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Partial-Birth Abortion Ban
May 8, 2007 9:25 PM   Subscribe

New Justices, New Rules: How the Supreme Court's Validation of the Federal Partial-Birth Abortion Ban Act Affects Women's Constitutional Liberty and Equality. A two-part FindLaw analysis of Gonzales v. Carhart.
posted by homunculus (26 comments total) 2 users marked this as a favorite

 
Oh man. Ladies, I hope you like wimples.
posted by boo_radley at 9:34 PM on May 8, 2007


Or, you know, death.
posted by LobsterMitten at 9:36 PM on May 8, 2007


And of course, remember this anecdote, and these.

And see this from Ampersand:
The biggest threat is buried deep in the decision...

What Kennedy is saying here is that if pro-lifers pass an abortion ban without any health exception, then women can successfully sue to have the ban overturned only in “as applied” cases. So a ban might not be illegal generally, but it still might be illegal in the case of Betty Smith of Memphis, who might be able to convince a court the ban “as applied” to women with her specific health circumstances is unconstitutional because it threatens her health.

But even if one lawsuit is successful in overturning the law “as applied” to the particular person who sued, the law could still apply to other women in other circumstances - meaning all those women would have to sue individually if they think the law is unconstitutionally being applied to them. The net effect could be to make it much harder for pro-choice activists to get Courts to consider whether or not new abortion-related laws are Constitutional.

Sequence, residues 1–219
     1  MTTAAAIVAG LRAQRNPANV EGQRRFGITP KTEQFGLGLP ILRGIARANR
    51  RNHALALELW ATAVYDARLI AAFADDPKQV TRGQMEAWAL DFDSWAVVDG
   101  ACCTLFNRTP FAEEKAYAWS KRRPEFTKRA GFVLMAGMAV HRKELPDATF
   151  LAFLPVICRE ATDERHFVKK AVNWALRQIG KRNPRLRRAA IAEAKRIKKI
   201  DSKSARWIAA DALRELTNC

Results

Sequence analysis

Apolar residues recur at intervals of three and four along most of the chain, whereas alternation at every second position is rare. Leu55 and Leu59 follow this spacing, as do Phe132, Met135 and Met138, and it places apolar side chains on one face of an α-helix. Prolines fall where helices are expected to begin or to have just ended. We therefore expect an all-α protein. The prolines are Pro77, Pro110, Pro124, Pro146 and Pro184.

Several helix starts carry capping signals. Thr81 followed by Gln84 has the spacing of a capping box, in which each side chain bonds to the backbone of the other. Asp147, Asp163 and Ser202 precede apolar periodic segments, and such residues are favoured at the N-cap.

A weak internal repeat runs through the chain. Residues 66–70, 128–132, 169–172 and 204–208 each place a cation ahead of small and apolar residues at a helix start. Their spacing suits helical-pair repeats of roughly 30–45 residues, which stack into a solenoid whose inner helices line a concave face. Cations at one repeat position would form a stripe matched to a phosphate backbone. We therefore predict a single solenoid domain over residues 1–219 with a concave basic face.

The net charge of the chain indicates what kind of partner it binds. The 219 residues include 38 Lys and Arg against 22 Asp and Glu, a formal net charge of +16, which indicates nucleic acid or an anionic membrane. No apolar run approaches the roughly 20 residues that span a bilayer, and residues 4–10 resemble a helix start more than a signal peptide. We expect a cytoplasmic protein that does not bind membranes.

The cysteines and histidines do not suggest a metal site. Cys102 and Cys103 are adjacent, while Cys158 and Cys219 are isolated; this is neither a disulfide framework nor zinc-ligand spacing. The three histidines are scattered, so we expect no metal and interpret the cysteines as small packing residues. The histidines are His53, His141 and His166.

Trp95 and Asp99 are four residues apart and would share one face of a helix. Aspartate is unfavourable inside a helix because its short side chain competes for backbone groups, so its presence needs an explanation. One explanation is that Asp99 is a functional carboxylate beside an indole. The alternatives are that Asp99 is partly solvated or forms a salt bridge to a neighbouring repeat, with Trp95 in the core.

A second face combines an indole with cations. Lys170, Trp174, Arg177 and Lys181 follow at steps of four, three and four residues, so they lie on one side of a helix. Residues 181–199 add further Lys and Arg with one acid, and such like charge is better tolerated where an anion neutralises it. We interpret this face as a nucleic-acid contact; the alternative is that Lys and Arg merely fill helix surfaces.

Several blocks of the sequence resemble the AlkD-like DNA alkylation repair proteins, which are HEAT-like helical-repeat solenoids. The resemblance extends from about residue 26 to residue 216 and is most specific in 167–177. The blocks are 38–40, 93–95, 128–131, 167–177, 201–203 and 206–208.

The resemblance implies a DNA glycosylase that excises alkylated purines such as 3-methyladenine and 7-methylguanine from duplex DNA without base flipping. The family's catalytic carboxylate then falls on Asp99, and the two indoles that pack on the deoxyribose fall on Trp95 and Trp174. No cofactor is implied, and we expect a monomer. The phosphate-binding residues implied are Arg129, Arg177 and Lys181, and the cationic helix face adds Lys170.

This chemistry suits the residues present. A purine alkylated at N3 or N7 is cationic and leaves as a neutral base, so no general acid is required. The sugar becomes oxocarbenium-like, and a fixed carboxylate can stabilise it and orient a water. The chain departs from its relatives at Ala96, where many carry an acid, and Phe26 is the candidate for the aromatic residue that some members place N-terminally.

So let’s say that Betty Smith has uterine scarring, and can convince a court for health reasons that the PBA ban is unconstitutional as applied to her and other women with her exact health conditions. That does nothing at all for Judy Jones, who has placenta previa; Judy has to initiate a whole new lawsuit regarding if the PBA bas is constitutional “as applied” to people in her condition.
And his roundup of analytical posts from various sites about the decision.
posted by LobsterMitten at 10:07 PM on May 8, 2007


And Ginsburg's dissent, in which she speaks for common sense in saying "Do you guys really expect women who have urgent health complications during pregnancy to be able to take their case to the Supreme Court to get around the no-health-exception-containing law of their state? No. Of course not. What you're saying is that you don't care if the state passes a law that prevents them getting necessary medical treatment -- you don't care if they die or become permanently disabled as a result of your political gamesmanship. Motherfuckers." (I'm summarizing here)
posted by LobsterMitten at 10:13 PM on May 8, 2007 [6 favorites]


I'm just impressed about how the Republicans assembled a conservative Catholic majority on the court, Voltron-style, over my (adult) lifetime.
posted by Heywood Mogroot at 10:29 PM on May 8, 2007


Racing into the past. I wonder what other rights and freedoms are next on the block.
posted by five fresh fish at 10:47 PM on May 8, 2007


Or, you know, death.

Or, you know, the empowerment of government to extert further control over our lives.

I'm just impressed how anyone can call themselves conservative and think that an all-powerful government is what Thomas Jefferson had in mind.
posted by three blind mice at 10:50 PM on May 8, 2007 [2 favorites]


Im going to read the full opinion as soon as finals are over. But Ginberg's dissent is masterful. I want to re-read it again when I have more time, but on a cursory reading it rates with Stevens' dissent in Bush v. Gore and O'Conner's dissent as one of my favorite dissents of the modern SCOTUS.
posted by T.D. Strange at 12:41 AM on May 9, 2007


*O'connor's dissent in Kelo.
posted by T.D. Strange at 12:46 AM on May 9, 2007